In 1990 at the age 16, Janet Susin’s son developed a mental illness. In response, the then Nassau County middle school teacher wanted to convey to his friends what he was going through. She approached the school’s health teacher and found out that mental health was not among the topics covered in the study and maintenance of our biological health. Finding the teacher open to some education on the subject, Ms. Susin helped put together a lesson plan with the teacher. “That was the genesis of our project,” she says in reference to “Breaking the Silence,” a curriculum that enables schools to better familiarize students with the reality of mental illness.
18 years later, as part of The National Alliance on Mental Illness (NAMI) in Nassau County, she finds that students have moved ahead of the learning curve, and the type of silence she gets from them when going out and lecturing is more of a good thing. Starting by asking students if they know anyone who’s had a mental illness, she says, “There isn’t the kind of giggling and turning around to see whose raising their hand.”
Aside from whatever impact her efforts have had, the climate today has softened with all the celebrities who’ve gone public on their problems. Additionally, as it has also entered the popular culture, the kids find it easier to follow suit. For instance, if you go to the “Monk” website, she says, “You’ll find all the kids that are self identifying with having OCD and posting their pictures.”
Nonetheless, BTS aspires to mainstream the discussion where it matters most – in the classroom and their everyday lives. “You’re taking it out of the closet and you’re treating it like the other illnesses that are part of the health curriculum,” she says.
And with suicide being the 3rd leading cause of death between the ages of 15 and 24, BTS can’t rest on the societal gains that have been reached in sensitivity levels. Lesson plans prompt the most important question of the day. “Are these the normal ups and downs of adolescence or a mental illness,” she says they ask.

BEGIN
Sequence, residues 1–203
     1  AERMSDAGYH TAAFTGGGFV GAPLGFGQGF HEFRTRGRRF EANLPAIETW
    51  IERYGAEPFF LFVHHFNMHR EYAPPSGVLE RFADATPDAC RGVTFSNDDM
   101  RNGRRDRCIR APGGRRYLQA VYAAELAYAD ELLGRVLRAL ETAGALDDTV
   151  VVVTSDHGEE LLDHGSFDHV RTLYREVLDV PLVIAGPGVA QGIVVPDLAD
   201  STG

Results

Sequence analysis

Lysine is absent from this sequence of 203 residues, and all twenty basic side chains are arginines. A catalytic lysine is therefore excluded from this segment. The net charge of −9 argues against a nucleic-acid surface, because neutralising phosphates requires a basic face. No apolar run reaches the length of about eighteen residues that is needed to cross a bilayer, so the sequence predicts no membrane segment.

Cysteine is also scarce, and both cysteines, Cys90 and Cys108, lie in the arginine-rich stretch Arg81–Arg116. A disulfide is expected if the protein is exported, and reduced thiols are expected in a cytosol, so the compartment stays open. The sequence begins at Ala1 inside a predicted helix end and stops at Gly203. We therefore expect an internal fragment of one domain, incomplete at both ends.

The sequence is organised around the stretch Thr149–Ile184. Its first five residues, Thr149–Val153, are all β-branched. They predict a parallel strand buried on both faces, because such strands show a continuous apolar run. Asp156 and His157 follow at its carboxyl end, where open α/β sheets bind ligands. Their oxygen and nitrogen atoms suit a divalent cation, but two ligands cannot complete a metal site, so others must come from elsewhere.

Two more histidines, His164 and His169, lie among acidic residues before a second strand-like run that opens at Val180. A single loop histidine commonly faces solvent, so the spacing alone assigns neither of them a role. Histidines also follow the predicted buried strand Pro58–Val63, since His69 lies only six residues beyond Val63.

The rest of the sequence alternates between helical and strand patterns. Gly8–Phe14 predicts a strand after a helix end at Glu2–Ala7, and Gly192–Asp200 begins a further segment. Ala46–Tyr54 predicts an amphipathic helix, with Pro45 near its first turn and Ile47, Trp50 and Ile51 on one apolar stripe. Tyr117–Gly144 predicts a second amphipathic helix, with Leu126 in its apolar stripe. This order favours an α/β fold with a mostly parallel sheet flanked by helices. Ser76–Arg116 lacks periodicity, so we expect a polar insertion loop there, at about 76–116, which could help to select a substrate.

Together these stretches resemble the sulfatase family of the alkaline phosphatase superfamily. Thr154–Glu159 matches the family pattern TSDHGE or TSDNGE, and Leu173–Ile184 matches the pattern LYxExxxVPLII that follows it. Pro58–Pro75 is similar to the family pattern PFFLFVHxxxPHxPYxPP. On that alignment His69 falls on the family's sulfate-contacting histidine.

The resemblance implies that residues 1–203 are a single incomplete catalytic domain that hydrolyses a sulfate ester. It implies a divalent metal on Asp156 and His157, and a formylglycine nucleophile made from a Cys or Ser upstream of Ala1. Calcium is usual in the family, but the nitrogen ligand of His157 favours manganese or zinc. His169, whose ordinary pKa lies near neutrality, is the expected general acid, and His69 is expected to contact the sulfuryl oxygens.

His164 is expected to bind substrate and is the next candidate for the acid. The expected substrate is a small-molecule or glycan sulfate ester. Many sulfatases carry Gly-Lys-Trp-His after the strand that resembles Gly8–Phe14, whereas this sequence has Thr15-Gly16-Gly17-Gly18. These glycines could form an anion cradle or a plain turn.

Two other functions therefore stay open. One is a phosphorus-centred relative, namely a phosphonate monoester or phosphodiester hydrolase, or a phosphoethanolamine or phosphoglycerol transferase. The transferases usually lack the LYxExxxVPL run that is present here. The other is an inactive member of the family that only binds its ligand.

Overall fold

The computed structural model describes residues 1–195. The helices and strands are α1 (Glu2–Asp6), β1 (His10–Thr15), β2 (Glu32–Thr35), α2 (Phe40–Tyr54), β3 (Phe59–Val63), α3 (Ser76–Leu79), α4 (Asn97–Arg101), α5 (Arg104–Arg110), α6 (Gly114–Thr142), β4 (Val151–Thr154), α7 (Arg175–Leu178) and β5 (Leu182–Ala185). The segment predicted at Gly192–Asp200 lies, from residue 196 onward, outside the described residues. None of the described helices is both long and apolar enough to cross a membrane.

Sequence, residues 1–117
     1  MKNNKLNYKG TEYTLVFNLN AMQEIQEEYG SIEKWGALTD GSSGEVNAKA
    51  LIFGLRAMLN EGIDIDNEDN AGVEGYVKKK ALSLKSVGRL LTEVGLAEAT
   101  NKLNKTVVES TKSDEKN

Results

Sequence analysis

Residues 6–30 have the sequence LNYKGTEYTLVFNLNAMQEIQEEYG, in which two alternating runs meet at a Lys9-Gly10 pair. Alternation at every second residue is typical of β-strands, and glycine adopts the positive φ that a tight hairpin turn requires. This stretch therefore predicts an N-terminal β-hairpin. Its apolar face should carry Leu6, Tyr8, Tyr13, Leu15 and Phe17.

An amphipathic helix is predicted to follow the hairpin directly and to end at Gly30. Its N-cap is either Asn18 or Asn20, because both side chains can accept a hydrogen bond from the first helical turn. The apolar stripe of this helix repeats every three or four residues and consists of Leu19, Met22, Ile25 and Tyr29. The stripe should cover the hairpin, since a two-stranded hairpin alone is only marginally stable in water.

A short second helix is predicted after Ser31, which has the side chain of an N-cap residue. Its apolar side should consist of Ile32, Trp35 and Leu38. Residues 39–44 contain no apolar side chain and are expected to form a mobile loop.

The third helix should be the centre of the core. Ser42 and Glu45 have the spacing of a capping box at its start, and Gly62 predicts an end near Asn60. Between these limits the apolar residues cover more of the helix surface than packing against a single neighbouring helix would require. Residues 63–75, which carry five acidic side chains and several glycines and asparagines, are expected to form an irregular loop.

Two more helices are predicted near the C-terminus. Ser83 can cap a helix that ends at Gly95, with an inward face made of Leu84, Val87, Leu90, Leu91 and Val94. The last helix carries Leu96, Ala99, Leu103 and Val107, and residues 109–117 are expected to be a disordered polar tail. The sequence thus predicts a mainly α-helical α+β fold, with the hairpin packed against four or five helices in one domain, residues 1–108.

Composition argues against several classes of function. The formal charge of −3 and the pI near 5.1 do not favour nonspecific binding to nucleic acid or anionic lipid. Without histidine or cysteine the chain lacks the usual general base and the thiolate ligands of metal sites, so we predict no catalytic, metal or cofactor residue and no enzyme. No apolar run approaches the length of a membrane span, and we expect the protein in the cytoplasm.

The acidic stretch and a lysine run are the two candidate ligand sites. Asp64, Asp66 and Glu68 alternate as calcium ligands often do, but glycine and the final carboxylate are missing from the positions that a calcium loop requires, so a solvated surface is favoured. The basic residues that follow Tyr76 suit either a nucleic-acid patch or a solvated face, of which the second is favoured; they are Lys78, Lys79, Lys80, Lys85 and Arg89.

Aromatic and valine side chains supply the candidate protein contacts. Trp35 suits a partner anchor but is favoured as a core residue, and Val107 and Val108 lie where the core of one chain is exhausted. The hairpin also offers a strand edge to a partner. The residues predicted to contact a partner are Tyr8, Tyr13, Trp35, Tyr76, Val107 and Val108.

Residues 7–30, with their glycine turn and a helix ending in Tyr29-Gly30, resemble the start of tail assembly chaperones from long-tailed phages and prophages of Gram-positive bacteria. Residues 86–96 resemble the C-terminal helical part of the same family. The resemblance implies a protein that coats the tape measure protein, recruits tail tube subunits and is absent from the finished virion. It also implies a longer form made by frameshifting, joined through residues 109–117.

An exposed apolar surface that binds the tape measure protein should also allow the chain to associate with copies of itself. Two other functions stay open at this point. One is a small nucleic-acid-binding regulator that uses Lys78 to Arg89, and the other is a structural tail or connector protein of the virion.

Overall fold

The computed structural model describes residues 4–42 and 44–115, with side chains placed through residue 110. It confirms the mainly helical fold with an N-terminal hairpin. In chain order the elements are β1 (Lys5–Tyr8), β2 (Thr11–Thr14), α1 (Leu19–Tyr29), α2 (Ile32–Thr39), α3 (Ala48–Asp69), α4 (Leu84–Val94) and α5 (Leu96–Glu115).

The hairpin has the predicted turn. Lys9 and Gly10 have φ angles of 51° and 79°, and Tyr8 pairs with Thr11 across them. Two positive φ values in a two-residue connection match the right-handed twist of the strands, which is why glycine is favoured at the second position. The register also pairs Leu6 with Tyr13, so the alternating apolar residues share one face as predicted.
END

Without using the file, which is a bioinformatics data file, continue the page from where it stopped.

Elementary school age to high school, students are presented with difference situations and they discuss the signs. Depressive and anxiety related symptoms are cause for real concern, she says, if they persist over a long period of time or one’s ability to function becomes dramatically impaired.
Of course, it’s made clear that a doctor can only make the diagnosis, but friends are in a crucial position to take note of the telling signs and make a difference. Encourage them to get treatment, she says, or encourage people in the classroom to speak to somebody in the school about their concerns.
But Breaking the Silence mostly let’s its materials to the talking because they can’t clone themselves to be everywhere, she says. Moreover, appearing too often as special occasion speakers operates in contrast to what they are trying to accomplish. “We want our subject to be treated like any other subject and you don’t always have to have a speaker represent that illness in order to be able to teach about it,” she says.
Still, BTS does get itself out there in the field to get a general feel for where kids are with the subject, but the objective does not really get into the specifics of psychoanalysis or medication. Referring to one of their elementary school posters, which pictures a brain, an ice pack and a band aid, she feels it sums up the therapeutic process as far as it needs to be for their purposes. “Brains get sick but with treatment they can get better,” she relayed its message.
Of course, being educated doesn’t always mean children – or adults – can put the lesson plan into practice especially when science has a long enough way to go toward complete understanding of mental illness. That’s the hard part, she concludes.
Originally published at www.educationupdate.com